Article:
We continue our series evaluating the season of the 2017-18 Tottenham Hotspur first team players. Up next, we look at the central midfielders.
Cards: 6 yellow, 0 red
After a fantastic 2016-17 in which it looked like he was ready to make the leap to the next level, Eric Dier stalled a little bit in 2017-18. It’s not that he was bad -- he was perfectly serviceable at both DM and CB, and sometimes he was fantastic. He just... didn’t really improve from his past seasons. He went from two goals in 2016-17 to two assists in 2017-18, and stats show a marginal improvement in his involvement in Spurs’ buildup play, but Dier’s not the player that you normally look at to get a goal or grab an assist. If you asked him to run around, break things, and execute some timely s—thousery, Dier was your guy and he did it well.
And yet I think we all expected a little more out of him. More involvement, more defensive stability, more... something. Maybe that’s unfair, because it’s not as though he had a bad season, and maybe we need to reorient our expectations a little, since maybe this is the player Eric Dier is going to be for us. And yet, I think even Eric thinks he can do better. “I believe this season, last season and the season before that my improvement has been good but at times it could be better,” he said in April. “I can still improve a lot more and I want to improve a lot more. I feel I can still reach a much higher standard.”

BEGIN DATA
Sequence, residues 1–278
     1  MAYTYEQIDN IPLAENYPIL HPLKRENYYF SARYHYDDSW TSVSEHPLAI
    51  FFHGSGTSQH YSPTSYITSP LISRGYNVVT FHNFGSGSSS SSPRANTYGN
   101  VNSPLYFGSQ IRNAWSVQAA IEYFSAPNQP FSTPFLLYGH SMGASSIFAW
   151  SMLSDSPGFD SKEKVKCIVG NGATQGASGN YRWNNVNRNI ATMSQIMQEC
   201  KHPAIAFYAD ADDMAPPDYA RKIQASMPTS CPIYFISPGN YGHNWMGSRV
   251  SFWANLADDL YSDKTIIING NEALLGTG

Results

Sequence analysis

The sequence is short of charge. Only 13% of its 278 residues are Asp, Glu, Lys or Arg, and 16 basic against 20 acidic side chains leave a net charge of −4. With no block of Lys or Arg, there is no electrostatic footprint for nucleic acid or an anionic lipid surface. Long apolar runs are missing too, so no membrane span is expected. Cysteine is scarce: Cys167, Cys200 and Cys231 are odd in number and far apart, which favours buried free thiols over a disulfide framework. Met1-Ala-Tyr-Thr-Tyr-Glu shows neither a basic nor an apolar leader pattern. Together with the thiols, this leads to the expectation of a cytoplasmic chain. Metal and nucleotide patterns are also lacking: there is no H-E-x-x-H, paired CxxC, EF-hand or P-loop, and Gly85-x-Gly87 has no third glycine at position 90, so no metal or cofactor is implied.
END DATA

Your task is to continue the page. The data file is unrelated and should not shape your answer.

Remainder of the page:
With Dier likely to become the experienced head in Spurs’ midfield next season, I think I agree with that.
Rating: 3.5 Chirpys
Real Madrid players kicked in a single play: 2
If Tottenham Hotspur’s midfield has a soul, it’s Mousa Dembele. But we knew this already. This was a season where people finally started to appreciate his importance to this Spurs side, and also probably where he started his inevitable decline. Dembele’s importance doesn’t come from goals and assists — he didn’t have any of either — but in how he was able to control the midfield and transition the ball from the defense to the attack, almost seamlessly, and the way he involved himself into the buildup of play.
Unfortunately, age is finally starting to catch up to him -- he had a couple of stints out with injury and it’s thought that, at age 30, he’s ready to move on to end his career in a place where life isn’t quite as strenuous as the Premier League. He also had a few uncharacteristically lackadaisical matches that were very un-Moose-ish. His unique combination of skills -- brute strength, dribbling ability, and passing -- are almost unique in club football to the extent that Tottenham can’t hope to replace him when he goes, but they will need to learn how to adjust to playing without him. And he will be missed.
Rating: 4 Chirpys
Goals: 1 (and it was a beauty)
Plates of spaghetti eaten: 78
It was an injury-blighted season for Victor Wanyama. He missed nearly the entire first half of the season with injury, and his performances when he did play in that stretch were pretty awful. By the time he came back, Spurs’ midfield was basically set and he was relegated to mop-up duty for the most part. Consequently he was never really able to get into a rhythm in matches, and thanks to the injury to Harry Winks when he was called into action it was as part of a pivot and not in his preferred role as destroyer in front of the back line.